Woman accuses would-be Likud MK of sexually assaulting her 8 years ago
Hanoch Milvitzky, who is in a realistic 26th spot on party’s electoral slate, denies claims; both found to be telling truth in polygraph tests
A woman alleged on Saturday that she was sexually assaulted at her home eight years ago by a current candidate for parliament on Likud’s electoral list.
The anonymous woman claimed in an interview with Channel 12 news that Hanoch Milvitzky — no. 26 on Likud’s roster, representing the Gush Dan region –forcibly and sexually grabbed her at the end of a work meeting. Milvitzky has denied her allegations.
At the time of the alleged assault, the woman said she was working as a content consultant for companies and businesspeople, and Milvitzky came to her home as a client. In an interview with Channel 12 news on Saturday, she described the situation as escalating from “zero to one hundred in a second” when she walked him to the door.
“He didn’t even flirt with me, didn’t say a thing. He just attacked me,” she recalled. “He grabbed my hands, my entire body.”
She said that she felt unable to scream for help: “It was like in my biggest nightmare, that I’m under attack and can’t shout.”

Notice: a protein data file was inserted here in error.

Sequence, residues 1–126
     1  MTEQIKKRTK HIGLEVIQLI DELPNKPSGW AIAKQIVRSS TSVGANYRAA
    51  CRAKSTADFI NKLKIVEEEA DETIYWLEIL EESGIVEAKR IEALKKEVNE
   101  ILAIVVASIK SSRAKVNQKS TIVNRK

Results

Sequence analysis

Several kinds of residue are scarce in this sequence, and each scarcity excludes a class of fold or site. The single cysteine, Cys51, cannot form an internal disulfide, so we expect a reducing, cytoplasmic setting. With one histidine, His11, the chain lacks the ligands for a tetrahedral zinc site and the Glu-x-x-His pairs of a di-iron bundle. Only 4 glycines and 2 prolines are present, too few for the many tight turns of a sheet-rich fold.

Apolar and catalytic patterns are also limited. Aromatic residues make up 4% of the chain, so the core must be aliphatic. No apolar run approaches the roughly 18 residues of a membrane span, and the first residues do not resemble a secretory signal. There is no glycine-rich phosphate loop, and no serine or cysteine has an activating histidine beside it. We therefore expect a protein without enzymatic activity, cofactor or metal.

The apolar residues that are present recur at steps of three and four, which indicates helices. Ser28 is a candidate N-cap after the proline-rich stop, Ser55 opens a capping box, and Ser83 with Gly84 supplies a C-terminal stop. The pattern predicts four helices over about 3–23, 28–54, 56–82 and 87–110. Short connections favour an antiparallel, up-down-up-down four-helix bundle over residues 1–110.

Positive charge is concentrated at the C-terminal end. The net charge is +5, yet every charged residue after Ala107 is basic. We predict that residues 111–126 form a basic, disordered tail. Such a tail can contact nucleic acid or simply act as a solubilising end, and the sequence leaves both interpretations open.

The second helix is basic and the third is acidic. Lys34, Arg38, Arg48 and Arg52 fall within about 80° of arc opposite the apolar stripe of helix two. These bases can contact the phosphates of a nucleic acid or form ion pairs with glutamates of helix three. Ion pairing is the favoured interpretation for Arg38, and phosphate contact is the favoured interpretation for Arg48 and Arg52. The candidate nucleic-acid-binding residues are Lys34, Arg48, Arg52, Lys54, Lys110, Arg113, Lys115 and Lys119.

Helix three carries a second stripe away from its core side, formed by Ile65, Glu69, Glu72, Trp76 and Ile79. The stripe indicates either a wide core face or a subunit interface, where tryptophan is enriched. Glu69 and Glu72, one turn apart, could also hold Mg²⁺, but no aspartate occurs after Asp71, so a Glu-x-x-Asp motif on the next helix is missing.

The woman said she told Milvitzky, “Stop, I’m not interested. It was as if it turned him on even more.”
The woman said the assault finally ceased after she threatened to bite his neck, and told him he would be forced to explain the resulting mark to his wife.
“He stopped and immediately walked out the door. He left and wrote a message to me that he was sorry and didn’t intend it,” she said.
The woman submitted herself to a polygraph to test her claims at the behest of Channel 12, in which she was found to be telling the truth. The network noted that Milvitzky also gave them the results of a test he underwent separately, in which he asserted that he didn’t attack the woman and was found to be telling the truth.
The woman’s roommate at the time confirmed to the network that she had confided in her about the assault immediately after it occurred.
Asked why she did not complain when the assault happened, the woman said she didn’t feel it was worthwhile, as nothing would likely come of it, but that she now felt it was important to report the incident. “I feel socially obligated,” she said. “I don’t think this person should be making national decisions.”
According to current polling data projecting 33-34 seats for his party, Milvitzky is sure to enter the Knesset following elections on November 1. The Likud candidate was a previously unknown attorney who until recently had served as deputy mayor of Petah Tikva on behalf of the centrist Yesh Atid party.
Milvitzky denied the allegation in a statement made on his behalf and said that he had sued the woman for defamation but that she had not turned up to court.
“Mr. Milvitzky is examining the remarks published by the person who made false claims against him and intends to protect his good name.”